Inclusion | Opportunity | Innovation

I-270 expansion and transit to Tysons/Dulles

Dear resident,

The Maryland Secretary of Transportation, Pete Rahn, is coming to talk with the Council on Tuesday about plans to expand I-270 and I-495. We have a lot to discuss.

Thousands of Montgomery County residents commute to jobs in the Tysons / Dulles corridor and vise versa, and our local economies are intertwined. To promote a more reliable connection, the Council has long supported adding HOV lanes on I-270 across the bridge to Virginia.

But a cars-only project is wrong for the environment and social equity, and won’t do enough to enhance mobility in the region. We need high quality transit connections to the Tysons / Dulles corridor.

The good news is that there’s a way to do that in the context of the I-270 plan. A solution is for the state to build bus-only ramps onto new managed lanes (toll/HOV/bus lanes) and operate a high-quality Bus Rapid Transit (BRT) system.

We must hold firm against taking any homes or businesses in an expansion and the County firmly opposes any effort to expand the Beltway beyond the existing right-of-way. But we absolutely support the opportunity to add an important transit connection to NoVa.

With dedicated ramps and lanes, BRT vehicles could bypass other traffic, quickly enter and exit the highway, and provide a rapid commute from major destinations in Montgomery County such as Clarksburg, Gaithersburg, Rockville, and North Bethesda.

This new idea is gaining support. Last week Transportation Committee Chair Tom Hucker joined me to organize a letter to Secretary Rahn, signed by the full Council and County Executive Marc Elrich, that details many problems with the State’s approach and outlines our alternative vision.

We do not want to become a bedroom community to Northern Virginia. We need to build our own economic base so that our residents do not have to commute outside of the County for good jobs.

At the same time, in a regional economy, we need a high-quality transit connection from Montgomery County to the job centers in Northern Virginia. While Metro takes one hour and 15 minutes from Shady Grove to Tysons, a BRT trip could take just 30.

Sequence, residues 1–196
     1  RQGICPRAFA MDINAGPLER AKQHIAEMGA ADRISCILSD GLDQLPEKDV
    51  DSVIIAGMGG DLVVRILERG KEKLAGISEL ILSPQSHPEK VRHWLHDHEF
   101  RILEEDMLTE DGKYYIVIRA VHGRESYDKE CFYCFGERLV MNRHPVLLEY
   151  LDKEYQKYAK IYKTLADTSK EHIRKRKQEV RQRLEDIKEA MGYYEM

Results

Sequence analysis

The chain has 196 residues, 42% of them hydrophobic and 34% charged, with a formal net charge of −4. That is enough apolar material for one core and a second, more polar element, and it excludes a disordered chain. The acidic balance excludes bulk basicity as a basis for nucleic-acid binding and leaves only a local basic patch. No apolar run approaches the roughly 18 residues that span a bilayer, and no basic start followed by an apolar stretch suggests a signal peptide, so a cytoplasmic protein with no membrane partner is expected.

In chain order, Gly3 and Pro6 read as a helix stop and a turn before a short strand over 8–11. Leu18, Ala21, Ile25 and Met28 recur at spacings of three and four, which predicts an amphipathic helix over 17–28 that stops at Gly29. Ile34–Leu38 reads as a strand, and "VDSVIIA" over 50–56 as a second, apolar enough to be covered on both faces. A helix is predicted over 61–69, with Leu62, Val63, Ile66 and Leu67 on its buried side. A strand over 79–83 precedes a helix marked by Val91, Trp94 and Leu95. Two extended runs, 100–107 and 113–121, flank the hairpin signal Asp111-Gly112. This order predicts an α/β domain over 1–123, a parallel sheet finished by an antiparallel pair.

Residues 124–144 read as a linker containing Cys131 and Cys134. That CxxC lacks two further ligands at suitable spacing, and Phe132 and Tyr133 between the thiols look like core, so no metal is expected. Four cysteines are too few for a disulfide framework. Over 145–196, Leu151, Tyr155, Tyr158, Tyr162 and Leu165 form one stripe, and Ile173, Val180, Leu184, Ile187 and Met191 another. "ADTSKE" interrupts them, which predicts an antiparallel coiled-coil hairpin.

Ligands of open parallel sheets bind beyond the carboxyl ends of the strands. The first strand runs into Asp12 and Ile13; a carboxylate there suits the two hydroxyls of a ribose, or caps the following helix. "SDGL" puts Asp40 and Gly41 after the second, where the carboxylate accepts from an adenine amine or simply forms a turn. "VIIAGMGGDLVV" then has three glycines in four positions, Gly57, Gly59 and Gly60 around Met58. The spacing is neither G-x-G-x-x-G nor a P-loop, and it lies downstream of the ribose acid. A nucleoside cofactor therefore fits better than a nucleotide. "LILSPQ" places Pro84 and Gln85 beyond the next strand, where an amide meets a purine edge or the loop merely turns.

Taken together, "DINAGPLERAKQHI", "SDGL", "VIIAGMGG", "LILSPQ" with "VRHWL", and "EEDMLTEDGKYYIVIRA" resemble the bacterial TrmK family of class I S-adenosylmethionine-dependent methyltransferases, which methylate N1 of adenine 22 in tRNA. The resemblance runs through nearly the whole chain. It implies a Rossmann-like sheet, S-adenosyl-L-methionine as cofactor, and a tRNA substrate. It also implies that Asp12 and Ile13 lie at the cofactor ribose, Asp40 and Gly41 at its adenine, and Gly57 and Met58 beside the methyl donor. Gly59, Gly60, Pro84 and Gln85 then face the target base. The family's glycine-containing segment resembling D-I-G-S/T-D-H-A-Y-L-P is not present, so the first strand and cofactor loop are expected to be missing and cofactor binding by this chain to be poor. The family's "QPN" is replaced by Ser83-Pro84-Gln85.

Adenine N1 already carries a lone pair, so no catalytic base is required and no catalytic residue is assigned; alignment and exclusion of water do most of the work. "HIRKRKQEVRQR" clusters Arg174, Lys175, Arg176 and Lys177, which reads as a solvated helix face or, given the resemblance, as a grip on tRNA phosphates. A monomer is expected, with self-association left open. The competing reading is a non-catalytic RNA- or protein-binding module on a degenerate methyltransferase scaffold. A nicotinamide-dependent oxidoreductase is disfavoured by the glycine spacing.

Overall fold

In addition to new BRT ramps on I-270, the letter calls for more service on the MARC Brunswick Line. MARC will be a better connection for many residents to the Amazon tech economy in Crystal City, if we can invest and get MARC trains running through to National Landing.

There is also an interesting new idea for a monorail in the I-270 corridor, which we should study, along with extending Metro’s Red Line.

All of this should be essential to the corridor expansion plan. But Hogan and Rahn are arguing that they don’t need to make any new transit investments now. That’s just wrong. Fortunately, our County’s state elected officials are raising strong criticisms of the plans.

We are also concerned that the State doesn’t intend to keep their promise to stick to existing rights of way on the Beltway from I-270 to Silver Spring. There, the right of way is frequently only 200 feet. Widening could require taking land in Rock Creek Park, homes, or businesses. That is unworkable and frankly unthinkable.

We have a better way forward, and the Governor should work collaboratively with State and County officials to get it done.

Sincerely,

Hans Riemer Signature

Hans Riemer
Councilmember, At-large

Do our kids have a place to live here?

Dear resident,

For most of us, housing is our biggest expense — by far — and the rising cost of housing has created an affordability crunch that works against our community’s inclusive vision.

Millennials and young families seeking a starter home, retirees looking to age near their kids, immigrant families trying to gain a foothold; they are all swimming against the current of our regional economy and our housing market.

As Chair of the Council’s Housing and Economic Development Committee, I am committed to working on real solutions, not just talking about the problem. I want to share a few of those solutions with you.

Creating new housing that is affordable

The Committee has met for several weeks to consider the future of the Veirs Mill Road corridor. In addition to working hard on road safety issues, we grappled with the challenge of how to push developers to build housing for low- and moderate-income families.

The larger garden-style apartment complexes in the area are a critical housing resource for moderate-income families, and have been for decades. The complexes need modernization though and they are in a transit-served location (walkable to both Twinbrook Metro and future Veirs Mill BRT). More housing here meets our climate protection goals, but we don’t want to lose an affordable housing resource.